Royal speeches have frequently prompted the government to take specific actions as well as guided broad policy objectives. For example, the 15-year strategy to reform the education system, which was launched in 2015, cites several royal speeches as referential guidelines. Similarly, the new education framework law passed in August 2019 was spurred by a call from King Mohammed VI in early 2016.


In October 2019 Morocco announced a ministerial reshuffle and a reduction in the number of ministerial posts, from 39 to 24. The reshuffle came at the request of King Mohammed VI, who, in July 2019, directed Prime Minister Saad-Eddine El Othmani to submit a list of proposals for a new cohort of government ministers. King Mohammed VI indicated that new government officials with fresh perspectives were needed to implement policies to reduce social inequality and update the country’s development model. Notably, the incumbents representing the Ministry of Foreign Affairs and International Cooperation, the Ministry of Economy and Finance, the Ministry of Interior and the Ministry of Justice kept their positions. The Justice and Development Party (Parti de la Justice et du Développement, PJD), a moderate Islamist party that currently has the largest number of seats in Parliament, kept seven posts in the reshuffled government. The PJD was founded in the 1960s and is committed to maintaining the country’s constitutional order and democratic process.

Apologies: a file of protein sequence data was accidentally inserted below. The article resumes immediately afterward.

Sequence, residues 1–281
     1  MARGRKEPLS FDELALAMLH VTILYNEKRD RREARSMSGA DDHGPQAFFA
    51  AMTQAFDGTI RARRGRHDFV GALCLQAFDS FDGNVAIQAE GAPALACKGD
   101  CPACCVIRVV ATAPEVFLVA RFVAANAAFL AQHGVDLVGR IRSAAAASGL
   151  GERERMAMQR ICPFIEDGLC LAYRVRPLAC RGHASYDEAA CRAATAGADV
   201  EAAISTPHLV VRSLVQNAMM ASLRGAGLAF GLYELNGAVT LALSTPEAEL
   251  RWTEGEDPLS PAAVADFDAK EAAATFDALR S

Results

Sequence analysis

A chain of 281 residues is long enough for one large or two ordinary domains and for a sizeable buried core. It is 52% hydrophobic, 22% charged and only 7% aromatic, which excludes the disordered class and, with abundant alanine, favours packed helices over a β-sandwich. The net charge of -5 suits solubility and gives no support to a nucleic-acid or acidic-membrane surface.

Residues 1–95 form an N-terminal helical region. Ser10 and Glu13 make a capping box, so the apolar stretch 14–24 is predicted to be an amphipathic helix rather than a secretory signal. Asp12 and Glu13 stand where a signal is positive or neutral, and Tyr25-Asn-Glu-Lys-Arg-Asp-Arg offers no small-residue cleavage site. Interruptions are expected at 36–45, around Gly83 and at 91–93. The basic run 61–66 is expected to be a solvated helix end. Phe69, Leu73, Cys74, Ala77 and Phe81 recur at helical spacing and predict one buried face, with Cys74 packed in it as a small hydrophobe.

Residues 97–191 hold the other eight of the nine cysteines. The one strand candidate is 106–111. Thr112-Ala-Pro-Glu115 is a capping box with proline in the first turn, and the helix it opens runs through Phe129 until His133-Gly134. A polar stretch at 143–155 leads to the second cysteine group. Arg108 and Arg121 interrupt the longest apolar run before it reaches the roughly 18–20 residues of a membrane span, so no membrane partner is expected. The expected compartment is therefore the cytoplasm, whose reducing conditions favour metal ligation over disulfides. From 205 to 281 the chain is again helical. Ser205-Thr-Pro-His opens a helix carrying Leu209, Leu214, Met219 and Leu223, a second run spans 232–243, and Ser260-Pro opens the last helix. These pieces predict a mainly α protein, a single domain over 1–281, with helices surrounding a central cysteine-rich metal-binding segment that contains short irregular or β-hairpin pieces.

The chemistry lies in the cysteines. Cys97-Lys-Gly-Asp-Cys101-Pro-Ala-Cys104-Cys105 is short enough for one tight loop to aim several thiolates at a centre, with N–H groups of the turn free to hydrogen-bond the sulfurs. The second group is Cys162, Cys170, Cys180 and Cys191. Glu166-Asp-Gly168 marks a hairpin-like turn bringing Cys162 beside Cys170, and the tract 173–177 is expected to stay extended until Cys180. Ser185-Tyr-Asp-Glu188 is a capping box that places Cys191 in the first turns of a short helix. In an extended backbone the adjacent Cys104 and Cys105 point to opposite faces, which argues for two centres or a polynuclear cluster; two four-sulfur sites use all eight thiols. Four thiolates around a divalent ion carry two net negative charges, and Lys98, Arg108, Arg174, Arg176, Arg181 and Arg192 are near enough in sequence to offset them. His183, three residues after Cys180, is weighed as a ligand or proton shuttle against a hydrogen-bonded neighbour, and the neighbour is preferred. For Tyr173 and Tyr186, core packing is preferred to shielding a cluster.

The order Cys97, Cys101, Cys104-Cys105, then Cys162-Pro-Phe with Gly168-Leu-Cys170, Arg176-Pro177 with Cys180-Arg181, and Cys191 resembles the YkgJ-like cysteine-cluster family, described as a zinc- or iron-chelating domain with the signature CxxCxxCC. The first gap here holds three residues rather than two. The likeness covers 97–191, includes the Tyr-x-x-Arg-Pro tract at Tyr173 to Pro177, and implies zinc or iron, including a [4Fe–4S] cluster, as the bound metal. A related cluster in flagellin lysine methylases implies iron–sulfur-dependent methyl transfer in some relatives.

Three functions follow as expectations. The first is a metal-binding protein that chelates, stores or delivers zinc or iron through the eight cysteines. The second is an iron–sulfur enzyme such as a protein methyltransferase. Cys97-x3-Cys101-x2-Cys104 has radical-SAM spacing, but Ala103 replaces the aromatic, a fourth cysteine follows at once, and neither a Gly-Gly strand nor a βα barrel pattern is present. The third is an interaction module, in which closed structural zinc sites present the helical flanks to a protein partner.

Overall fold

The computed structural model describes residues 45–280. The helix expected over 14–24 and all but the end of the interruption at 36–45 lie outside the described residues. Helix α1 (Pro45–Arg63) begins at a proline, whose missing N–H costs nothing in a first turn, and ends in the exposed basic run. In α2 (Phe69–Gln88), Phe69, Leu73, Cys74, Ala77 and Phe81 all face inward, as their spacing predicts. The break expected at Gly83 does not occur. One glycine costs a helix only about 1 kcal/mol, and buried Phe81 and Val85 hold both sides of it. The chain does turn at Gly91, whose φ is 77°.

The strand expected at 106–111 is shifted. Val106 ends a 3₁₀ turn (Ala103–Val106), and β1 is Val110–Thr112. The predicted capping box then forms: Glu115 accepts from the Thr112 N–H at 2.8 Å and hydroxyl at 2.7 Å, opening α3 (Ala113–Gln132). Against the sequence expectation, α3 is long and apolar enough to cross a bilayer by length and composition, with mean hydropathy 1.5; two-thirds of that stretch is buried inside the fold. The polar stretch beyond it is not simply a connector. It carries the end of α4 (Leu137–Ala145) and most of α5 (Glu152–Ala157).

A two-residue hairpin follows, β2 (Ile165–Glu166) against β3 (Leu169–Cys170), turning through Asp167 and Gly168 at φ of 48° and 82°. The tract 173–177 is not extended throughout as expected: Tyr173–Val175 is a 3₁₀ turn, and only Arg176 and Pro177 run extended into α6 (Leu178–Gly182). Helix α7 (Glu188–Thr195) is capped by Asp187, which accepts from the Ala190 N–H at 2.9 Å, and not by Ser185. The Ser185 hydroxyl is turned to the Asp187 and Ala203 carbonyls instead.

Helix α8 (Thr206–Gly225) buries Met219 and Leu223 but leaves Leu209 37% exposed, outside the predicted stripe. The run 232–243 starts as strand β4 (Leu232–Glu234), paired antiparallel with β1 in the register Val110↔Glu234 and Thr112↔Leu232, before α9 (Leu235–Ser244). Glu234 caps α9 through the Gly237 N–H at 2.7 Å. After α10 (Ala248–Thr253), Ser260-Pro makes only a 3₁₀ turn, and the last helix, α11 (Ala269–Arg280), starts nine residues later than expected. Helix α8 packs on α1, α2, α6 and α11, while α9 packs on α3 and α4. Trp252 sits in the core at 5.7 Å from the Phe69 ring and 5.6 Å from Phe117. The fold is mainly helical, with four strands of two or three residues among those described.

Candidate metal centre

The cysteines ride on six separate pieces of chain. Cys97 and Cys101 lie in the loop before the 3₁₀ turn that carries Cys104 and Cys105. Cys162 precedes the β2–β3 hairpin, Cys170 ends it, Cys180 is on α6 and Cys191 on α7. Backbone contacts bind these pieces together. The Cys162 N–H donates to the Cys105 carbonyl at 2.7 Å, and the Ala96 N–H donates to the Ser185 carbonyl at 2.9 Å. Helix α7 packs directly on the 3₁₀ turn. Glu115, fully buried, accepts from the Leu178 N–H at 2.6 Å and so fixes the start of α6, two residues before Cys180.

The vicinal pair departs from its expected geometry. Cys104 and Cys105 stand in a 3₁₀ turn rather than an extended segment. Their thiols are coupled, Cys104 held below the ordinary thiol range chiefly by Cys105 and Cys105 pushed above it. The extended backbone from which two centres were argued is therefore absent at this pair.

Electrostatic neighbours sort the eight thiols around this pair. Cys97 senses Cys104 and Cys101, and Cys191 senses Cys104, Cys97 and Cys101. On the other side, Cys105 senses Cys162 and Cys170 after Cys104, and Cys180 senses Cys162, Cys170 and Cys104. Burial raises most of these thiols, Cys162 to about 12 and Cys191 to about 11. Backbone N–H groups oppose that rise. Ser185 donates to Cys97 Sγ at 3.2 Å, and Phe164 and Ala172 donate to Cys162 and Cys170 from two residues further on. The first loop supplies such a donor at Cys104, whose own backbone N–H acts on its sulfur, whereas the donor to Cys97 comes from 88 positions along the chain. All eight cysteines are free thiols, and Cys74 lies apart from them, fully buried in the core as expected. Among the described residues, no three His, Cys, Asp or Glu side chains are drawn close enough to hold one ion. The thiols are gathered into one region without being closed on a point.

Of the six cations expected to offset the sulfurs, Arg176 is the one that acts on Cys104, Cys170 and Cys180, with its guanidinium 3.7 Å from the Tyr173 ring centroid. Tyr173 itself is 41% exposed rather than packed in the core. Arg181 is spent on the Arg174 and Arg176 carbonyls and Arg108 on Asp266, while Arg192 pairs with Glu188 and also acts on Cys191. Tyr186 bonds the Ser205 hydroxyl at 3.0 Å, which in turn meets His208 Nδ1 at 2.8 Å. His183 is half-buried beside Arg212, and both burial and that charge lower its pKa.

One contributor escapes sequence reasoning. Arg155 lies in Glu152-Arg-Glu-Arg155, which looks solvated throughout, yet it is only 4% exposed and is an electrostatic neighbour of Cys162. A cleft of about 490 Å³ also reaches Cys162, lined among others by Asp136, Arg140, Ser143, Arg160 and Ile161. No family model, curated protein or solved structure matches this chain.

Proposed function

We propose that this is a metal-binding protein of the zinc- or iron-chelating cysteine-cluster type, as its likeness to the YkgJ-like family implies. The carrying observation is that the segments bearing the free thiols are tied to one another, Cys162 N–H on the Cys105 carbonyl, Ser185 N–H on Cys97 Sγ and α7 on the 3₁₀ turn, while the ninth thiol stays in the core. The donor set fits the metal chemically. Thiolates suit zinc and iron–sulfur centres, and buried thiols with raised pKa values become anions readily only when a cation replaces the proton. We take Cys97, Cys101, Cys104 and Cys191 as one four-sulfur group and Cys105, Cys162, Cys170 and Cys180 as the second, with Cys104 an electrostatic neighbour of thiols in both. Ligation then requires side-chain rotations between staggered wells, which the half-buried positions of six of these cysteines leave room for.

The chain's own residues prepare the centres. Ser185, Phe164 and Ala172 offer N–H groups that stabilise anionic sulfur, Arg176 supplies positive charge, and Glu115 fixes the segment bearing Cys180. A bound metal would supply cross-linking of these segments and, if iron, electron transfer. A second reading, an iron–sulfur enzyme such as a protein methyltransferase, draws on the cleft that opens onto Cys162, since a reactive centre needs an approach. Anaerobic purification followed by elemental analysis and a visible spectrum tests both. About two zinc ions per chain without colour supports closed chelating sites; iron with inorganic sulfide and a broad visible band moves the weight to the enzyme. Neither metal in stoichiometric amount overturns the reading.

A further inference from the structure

The new government is the second to be led by Prime Minister El Othmani, who was appointed in March 2017. Prior to holding this position, he was the minister of finance between 2012 and 2013, and secretary-general of the PJD from 2004 until 2008. Prime Minister El Othmani was appointed after his predecessor, Abdelilah Benkirane, was unable to form a coalition government after five months of negotiations between the PJD and other parties.

In the 2016 legislative election the PJD won a plurality of seats in Parliament, giving it the right to appoint the prime minister from its ranks. The PJD won roughly 28% of the national vote, or 125 of the 395 seats in the Majlis Al Nuwab. The Authenticity and Modernity Party (Parti de l’Authenticité et de la Modernité, PAM) was the second-largest party, with around 21% of the vote, or 102 seats, and the Arab nationalist Istiqlal (Independence Party) won 11%, or 46 seats. However, the PJD opted to form a coalition government with smaller parties, such as the National Assembly of Independents, the Popular Movement, the Constitutional Union, the Socialist Union of Popular Forces, and the Party for Progress and Socialism (Parti Pour le Progrès et du Socialisme, PPS). Notably, the PPS left the ruling coalition following the October 2019 government reshuffling due to disagreements with its coalition partners.

Political Parties